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Published on August 12th, 2014 | from CAMH

Let’s talk about suicide prevention

When people experience tragic loss due to suicide, questions arise about how suicide can be prevented.

Where can you get help in a crisis?

If you need help:

  • Visit your local emergency department or call 911
  • Contact a nurse at Telehealth Ontario by dialing 1-866-797-0000
  • Call the Kids Help Phone at 1 800 668-6868
  • Call the Good2Talk support line at 1-866-925-5454 (for post-secondary students in Ontario aged 17-25)

>> See more emergency crisis and distress centres

If you’re in crisis, the CAMH Emergency Department is open 24/7.

Treatment and support are available.

>> Treatment from CAMH

>> Ontario Mental Health Helpline (open 24/7 for treatment anywhere in Ontario)​​

The myth that talking about suicide is dangerous—that raising the issue with a troubled person could give them the idea of suicide—persists. Let’s debunk it right now.

If you think someone you care about is thinking about suicide—ask them.

What are the warning signs?

People who are feeling suicidal may:

  • Show a sudden change in mood or behaviour
  • Show a sense of hopelessness and helplessness
  • Express the wish to die or end their life
  • Increase substance use
  • Withdraw from people and activities that they previously enjoyed
  • Experience changes in sleeping patterns
  • Have a decreased appetite
  • Give away prized possessions or make preparations for their death (for example, creating a will)

How to help

Here are some things that people can do if they are concerned that someone they care about may be contemplating suicide:

  1. Listen to the person. Take them seriously. Don’t judge or minimize their feelings. Be positive and hopeful, and remember that suicide can be prevented.
  2. Ask them if they are suicidal. Don’t be afraid that you will put the idea in their head. It may be a relief for them to talk about it.
  3. Ask if they have a plan. Depending on their answer you may want to limit their access to lethal means, such as medication, knives or firearms.
  4. Ask them to rate their suicidal feelings on a scale of 1 to 10. Then regularly ask them to tell you where they are on the scale, so you can assess if things are getting worse.
  5. Let them know help is available and that the cause of their suicidal thoughts can be successfully treated.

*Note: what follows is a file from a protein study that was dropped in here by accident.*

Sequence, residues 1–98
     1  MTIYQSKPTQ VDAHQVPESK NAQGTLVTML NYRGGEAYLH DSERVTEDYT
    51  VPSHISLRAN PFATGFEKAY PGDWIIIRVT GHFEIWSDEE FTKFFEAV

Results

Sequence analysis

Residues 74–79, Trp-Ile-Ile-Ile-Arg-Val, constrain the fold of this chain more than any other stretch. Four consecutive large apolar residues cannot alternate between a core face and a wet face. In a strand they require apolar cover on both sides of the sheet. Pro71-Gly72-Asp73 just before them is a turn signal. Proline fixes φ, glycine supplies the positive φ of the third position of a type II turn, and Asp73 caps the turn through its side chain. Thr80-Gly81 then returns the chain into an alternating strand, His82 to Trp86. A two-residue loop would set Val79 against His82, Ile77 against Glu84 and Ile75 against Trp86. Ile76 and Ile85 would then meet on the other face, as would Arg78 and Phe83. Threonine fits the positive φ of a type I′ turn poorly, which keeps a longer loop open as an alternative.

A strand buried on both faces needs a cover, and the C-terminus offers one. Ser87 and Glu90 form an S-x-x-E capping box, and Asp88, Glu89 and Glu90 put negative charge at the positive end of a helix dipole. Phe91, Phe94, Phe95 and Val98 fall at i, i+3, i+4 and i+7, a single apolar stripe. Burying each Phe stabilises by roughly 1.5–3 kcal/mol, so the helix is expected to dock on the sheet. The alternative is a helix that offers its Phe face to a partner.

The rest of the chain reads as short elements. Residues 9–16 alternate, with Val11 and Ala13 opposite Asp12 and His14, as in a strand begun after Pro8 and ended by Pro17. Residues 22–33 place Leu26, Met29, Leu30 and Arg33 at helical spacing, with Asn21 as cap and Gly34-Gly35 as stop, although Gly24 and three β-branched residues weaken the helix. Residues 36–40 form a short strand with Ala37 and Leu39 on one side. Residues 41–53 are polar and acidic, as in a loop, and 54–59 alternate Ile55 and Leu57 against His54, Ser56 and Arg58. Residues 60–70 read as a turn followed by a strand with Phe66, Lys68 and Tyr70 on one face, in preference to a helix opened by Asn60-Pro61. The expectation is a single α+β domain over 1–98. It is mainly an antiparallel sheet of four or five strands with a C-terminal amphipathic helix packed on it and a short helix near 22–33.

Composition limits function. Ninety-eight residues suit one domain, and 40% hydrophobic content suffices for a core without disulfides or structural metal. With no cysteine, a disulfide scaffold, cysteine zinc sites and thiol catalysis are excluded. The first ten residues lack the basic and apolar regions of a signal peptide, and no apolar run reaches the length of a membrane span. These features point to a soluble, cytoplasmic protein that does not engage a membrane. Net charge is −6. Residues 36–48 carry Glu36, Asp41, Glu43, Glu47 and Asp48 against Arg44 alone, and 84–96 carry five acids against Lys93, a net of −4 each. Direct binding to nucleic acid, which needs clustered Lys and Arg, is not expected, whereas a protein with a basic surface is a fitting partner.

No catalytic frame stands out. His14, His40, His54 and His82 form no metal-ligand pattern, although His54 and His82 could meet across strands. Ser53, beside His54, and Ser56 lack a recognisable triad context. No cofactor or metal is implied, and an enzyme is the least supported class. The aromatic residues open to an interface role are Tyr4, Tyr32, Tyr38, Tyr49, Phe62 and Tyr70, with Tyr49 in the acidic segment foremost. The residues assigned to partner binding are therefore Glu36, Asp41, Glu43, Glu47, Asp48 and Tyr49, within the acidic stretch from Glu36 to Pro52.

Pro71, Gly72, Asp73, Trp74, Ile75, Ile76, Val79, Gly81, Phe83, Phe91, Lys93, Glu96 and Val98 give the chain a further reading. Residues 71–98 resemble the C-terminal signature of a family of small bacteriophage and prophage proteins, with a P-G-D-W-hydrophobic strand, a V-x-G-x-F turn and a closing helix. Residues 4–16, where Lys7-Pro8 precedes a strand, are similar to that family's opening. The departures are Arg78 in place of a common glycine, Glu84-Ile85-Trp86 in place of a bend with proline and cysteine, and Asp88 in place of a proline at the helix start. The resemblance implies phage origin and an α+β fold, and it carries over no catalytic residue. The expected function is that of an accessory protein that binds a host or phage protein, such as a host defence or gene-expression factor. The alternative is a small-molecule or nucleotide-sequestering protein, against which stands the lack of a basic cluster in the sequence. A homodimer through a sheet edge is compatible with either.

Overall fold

6. Encourage them to talk about how they are feeling.
  7. Encourage them to seek help immediately from a doctor or mental health provider, and offer to help with this if they would like.
  8. Make a safety plan with them. Who will they call if their feelings get stronger? Who can stay with them to keep them safe? Make a list of phone numbers of people and services they can call if they feel unsafe. Avoid leaving the person alone if he or she is in crisis.
  9. Seek support for yourself—it is important that you don’t carry this burden alone

Photo Credit: Hugs by Halcyon Styn on Flickr, CC

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11 Responses to Let’s talk about suicide prevention

  1. Patricia forsdyke says:

    One can’t quarrel with the gist of what has already been said. re: talking with someone and advising a person to seek professional help .e.g …going to emergency or using professional support lines , but perhaps a few more inpatient beds might be appropriate to keep people safe while they obviously need to be somewhere safe. Is anyone talking about the latter Also listening and communicating with family re: their concerns about their loved one. People sometimes act on delusions while psychotic. they especially need a safe place in hospital. Patricia Forsdyke

  2. Katherine says:

    Although I am deeply sadden by the death of Robin Williams, and feel extreme empathy towards his family, I must say that I appreciate the publicity that his death has brought towards depression, anxiety, substance abuse, and the need for increase awareness and funding towards mental health. As an individual that struggles with all the aforementioned issues, I must bring to attention that suicides occur daily and goes unnoticed… so if it takes the death of a celebrity, albeit a phenomenal celebrity who I hate to see it happen to, to bring awareness to society about how serious mental health can be, then at the same time I am grateful for the death of Robin Williams. May be Rest in Peace.

  3. Diana Petrucci says:

    So important.

  4. Diana Petrucci says:

    Reblogged this on Lipstick, lattes and luggage. and commented:
    We need to be discussing this issue constantly. Such an important issue. Please know there IS hope and there are resources to help you if you need them. Together, we can eliminate the stigma of mental illness.

  5. Reblogged this on Big Red Carpet Nursing and commented:
    Excellent advice. Take care!

  6. Catharine MacTavish says: